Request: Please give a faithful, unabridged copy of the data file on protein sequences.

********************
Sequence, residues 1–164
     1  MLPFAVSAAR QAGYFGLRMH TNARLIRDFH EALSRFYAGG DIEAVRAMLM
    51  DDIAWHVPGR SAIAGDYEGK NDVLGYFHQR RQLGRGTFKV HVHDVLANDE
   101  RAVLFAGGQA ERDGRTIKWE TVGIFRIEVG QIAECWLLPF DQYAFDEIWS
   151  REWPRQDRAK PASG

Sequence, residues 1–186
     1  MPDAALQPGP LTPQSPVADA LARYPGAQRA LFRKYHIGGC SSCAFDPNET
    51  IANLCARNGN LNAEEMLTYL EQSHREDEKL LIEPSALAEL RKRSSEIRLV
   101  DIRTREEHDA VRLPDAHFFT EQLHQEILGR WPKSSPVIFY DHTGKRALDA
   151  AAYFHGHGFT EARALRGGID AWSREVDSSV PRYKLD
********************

Sequence, residues 1–164
     1  MLPFAVSAAR QAGYFGLRMH TNARLIRDFH EALSRFYAGG DIEAVRAMLM
    51  DDIAWHVPGR SAIAGDYEGK NDVLGYFHQR RQLGRGTFKV HVHDVLANDE
   101  RAVLFAGGQA ERDGRTIKWE TVGIFRIEVG QIAECWLLPF DQYAFDEIWS
   151  REWPRQDRAK PASG

Sequence, residues 1–186
     1  MPDAALQPGP LTPQSPVADA LARYPGAQRA LFRKYHIGGC SSCAFDPNET
    51  IANLCARNGN LNAEEMLTYL EQSHREDEKL LIEPSALAEL RKRSSEIRLV
   101  DIRTREEHDA VRLPDAHFFT EQLHQEILGR WPKSSPVIFY DHTGKRALDA
   151  AAYFHGHGFT EARALRGGID AWSREVDSSV PRYKLD